• Neglected to mention that what he called a ban on "all travel" from Europe did not apply to American citizens. In the chaotic overnight hours, Americans scrambled and paid big money to get last-minute flights home.
  • Incorrectly stated that everyone flying into the country was being tested. That's not what some travellers arriving in the U.S. told CBC News.

"No, it was pretty casual," said Zaid Shoorbajee, who was arriving Thursday at Washington's Dulles Airport from Saudi Arabia, after his planned trip to Egypt got cancelled.

"I saw a couple of signs — messages on the screen saying, 'If you feel sick, self-quarantine for two weeks.' But nobody asked us personally."

Other travellers tweeted similar observations. Andreas Grobeli, who arrived last Saturday from Switzerland and was headed home early, told CBC News he didn't notice any screening.

WATCH: Trump TV address on COVID-19

Trump TV address on COVID-19

2 years ago
Duration 9:33
U.S. President Donald Trump delivers a prime-time address on Wednesday on his administration's response to the coronavirus pandemic.

That's after the biggest, most enduring falsehood of them all: Trump's repeated insistence in recent weeks that coronavirus was no big deal and would soon be over.

That no-worry attitude had an effect, with friendly media allies spending weeks dismissing the panic as a Democratic-orchestrated hoax to hurt the president. 

One example of the genre, a few days ago, was a Breitbart tweet above an article: "LOL. Cancel Trump rallies? Dream on!" According to opinion polls, Republican voters are now far likelier to shrug off the whole crisis.

Then there was the less-discussed matter of how Trump arrived at his choice of countries targeted for travel bans. 

When asked why the ban didn't apply to the United Kingdom, Trump replied that it's doing "a very good job," with few cases of coronavirus. But the U.K. has more cases than Belgium, Austria, the Czech Republic, Greece, Iceland, Finland, Portugal, Slovenia, Armenia, Poland, Slovakia and a few other eurozone nations subjected to the ban.

The Politico news site noted Trump's travel order happened to miss European countries where he owns golf courses

For weeks, critics have also been sounding the alarm that Trump eliminated the government's entire pandemic response chain of command. 

Will this succession of blunders sink Trump's presidency?

After all, this is a president whose approval ratings are a bit like a goldfish moving around a bowl — always wiggling, never moving too far.

His daily polling averages entered the crisis having dipped, within that narrow band, to a lower level than in previous weeks.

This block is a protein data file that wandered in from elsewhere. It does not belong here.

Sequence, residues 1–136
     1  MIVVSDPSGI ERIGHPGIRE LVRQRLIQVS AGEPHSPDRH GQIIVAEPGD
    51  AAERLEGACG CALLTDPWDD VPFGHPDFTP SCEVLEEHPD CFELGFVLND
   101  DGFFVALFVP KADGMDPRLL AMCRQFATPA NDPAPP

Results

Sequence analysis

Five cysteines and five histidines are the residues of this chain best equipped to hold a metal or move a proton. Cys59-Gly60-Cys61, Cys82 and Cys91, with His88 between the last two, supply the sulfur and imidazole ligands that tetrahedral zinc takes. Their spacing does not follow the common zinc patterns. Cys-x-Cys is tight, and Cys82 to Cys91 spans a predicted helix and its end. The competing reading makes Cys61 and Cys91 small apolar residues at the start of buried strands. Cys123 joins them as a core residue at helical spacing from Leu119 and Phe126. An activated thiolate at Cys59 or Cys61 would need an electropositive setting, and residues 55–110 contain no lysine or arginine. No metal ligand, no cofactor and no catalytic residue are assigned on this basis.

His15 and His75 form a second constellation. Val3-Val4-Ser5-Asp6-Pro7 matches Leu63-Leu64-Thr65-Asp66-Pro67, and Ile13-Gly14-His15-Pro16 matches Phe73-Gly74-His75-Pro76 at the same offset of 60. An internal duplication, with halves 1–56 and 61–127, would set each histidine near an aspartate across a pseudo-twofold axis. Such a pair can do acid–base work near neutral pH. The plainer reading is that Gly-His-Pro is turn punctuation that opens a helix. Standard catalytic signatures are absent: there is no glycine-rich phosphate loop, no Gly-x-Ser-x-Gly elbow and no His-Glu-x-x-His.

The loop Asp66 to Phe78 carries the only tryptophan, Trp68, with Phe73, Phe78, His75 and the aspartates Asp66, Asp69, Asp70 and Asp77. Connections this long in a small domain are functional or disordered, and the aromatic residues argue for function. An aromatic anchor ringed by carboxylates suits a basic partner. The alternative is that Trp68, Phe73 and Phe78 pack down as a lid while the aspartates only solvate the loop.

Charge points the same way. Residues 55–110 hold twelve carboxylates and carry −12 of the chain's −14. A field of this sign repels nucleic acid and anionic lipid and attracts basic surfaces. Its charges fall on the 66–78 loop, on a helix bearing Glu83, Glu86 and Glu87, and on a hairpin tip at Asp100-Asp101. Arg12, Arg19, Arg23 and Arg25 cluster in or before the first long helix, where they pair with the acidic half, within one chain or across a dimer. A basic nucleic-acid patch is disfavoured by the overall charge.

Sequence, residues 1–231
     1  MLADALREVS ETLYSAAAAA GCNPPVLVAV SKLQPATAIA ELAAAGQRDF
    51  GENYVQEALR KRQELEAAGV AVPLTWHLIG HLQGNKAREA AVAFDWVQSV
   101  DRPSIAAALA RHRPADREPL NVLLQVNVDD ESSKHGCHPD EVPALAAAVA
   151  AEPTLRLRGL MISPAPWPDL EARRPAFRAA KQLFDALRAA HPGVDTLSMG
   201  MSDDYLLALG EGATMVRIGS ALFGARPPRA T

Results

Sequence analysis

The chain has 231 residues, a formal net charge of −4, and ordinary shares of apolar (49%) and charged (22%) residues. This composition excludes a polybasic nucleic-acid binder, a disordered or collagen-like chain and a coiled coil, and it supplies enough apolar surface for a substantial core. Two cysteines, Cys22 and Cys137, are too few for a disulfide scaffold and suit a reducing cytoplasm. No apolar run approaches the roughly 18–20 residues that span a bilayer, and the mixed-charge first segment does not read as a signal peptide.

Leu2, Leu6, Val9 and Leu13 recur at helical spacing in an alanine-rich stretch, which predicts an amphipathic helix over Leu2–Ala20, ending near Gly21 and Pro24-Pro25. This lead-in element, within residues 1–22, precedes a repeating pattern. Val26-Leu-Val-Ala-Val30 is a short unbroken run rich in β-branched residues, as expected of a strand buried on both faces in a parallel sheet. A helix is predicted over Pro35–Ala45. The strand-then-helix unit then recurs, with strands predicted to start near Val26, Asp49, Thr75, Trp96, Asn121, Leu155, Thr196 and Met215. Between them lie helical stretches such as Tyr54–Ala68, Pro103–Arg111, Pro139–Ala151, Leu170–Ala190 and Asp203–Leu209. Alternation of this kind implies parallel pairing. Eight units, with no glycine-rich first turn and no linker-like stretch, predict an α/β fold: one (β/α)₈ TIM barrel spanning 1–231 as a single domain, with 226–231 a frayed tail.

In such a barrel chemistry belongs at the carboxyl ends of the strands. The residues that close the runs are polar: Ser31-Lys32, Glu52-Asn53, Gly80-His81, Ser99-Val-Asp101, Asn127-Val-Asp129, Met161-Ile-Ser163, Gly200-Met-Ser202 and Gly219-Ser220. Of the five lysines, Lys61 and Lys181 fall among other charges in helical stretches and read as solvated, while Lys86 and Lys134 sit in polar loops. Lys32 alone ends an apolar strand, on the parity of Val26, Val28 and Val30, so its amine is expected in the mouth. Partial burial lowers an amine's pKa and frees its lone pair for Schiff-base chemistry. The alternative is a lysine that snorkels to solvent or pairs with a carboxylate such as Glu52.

One survey showed presumptive Democratic nominee Joe Biden with his largest lead over Trump in a while. 

Most Americans, however, long ago made up their mind about Trump. 

Not even economic shocks move votes like they used to in this polarized environment, where opinions are deeply entrenched, said Robert Griffin, who researches American public opinion at the Democracy Fund's Voter Study Group.

"My own take is it's still going to affect [Trump] — but less than we might think," Griffin said.

The Teflon presidency

So a White House that three months ago survived an impeachment, and two months ago avoided war with Iran, and one month ago went to war with its own Justice Department, still has nearly eight whole months to ride out this crisis.

Already, more Americans have started getting coronavirus tests. 

While the process has been notoriously slow and problem-plagued in the U.S., tests are ramping up at state-run labs.

The U.S. Federal Reserve has promised to buy $1.5 trillion US in assets, and there's talk of a possible bipartisan deal in Congress for an emergency legislative package.

Even Trump's family has promised help. 

Presidential daughter and presidential staffer Ivanka Trump said Thursday the administration is working with states to get sick-leave benefits for people with the virus. 

Trump's likely general-election adversary, meanwhile, rolled out his own proposals Thursday for dealing with the crisis.

In a speech, Biden listed measures he said should be taken, including the most basic one: keeping citizens informed about a pandemic.

"Let me be crystal clear: The coronavirus does not have a political affiliation. It will infect Republicans, Independents and Democrats alike," Biden said.


Alexander Panetta is a Washington-based correspondent for CBC News who has covered American politics and Canada-U.S. issues since 2013. He previously worked in Ottawa, Quebec City and internationally, reporting on politics, conflict, disaster and the Montreal Expos.

With files from CBC's Katie Simpson